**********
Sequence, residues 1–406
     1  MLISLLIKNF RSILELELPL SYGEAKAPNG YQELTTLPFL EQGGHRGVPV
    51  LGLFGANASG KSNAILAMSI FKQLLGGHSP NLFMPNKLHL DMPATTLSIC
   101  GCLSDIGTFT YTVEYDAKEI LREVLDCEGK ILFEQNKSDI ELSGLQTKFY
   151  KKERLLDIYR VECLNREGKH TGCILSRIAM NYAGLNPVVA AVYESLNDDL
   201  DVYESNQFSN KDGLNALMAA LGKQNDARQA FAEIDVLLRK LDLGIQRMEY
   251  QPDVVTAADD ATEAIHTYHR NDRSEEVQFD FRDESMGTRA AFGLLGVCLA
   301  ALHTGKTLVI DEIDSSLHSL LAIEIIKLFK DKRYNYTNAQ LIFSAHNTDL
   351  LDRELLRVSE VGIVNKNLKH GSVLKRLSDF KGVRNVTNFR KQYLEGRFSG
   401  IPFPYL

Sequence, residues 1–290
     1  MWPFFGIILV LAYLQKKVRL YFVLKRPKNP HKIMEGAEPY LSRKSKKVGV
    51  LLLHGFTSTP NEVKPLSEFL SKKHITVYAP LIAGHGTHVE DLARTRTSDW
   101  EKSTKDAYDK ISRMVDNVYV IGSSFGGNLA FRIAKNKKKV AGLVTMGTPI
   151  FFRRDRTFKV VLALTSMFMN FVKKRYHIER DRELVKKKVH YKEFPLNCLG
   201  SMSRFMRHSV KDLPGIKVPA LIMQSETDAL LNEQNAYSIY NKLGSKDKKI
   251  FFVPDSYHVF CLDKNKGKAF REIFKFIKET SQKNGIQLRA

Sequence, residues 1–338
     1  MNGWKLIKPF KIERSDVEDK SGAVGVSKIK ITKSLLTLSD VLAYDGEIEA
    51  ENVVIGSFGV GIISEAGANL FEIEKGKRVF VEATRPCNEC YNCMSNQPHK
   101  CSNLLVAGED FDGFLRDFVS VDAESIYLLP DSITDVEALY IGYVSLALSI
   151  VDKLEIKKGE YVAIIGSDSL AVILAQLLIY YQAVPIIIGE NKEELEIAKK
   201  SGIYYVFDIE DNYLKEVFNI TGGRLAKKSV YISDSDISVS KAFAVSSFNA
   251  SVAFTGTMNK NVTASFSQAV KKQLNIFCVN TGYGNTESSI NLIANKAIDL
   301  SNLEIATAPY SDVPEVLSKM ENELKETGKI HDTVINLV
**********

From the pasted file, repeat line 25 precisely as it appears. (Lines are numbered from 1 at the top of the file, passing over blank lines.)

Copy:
   301  SNLEIATAPY SDVPEVLSKM ENELKETGKI HDTVINLV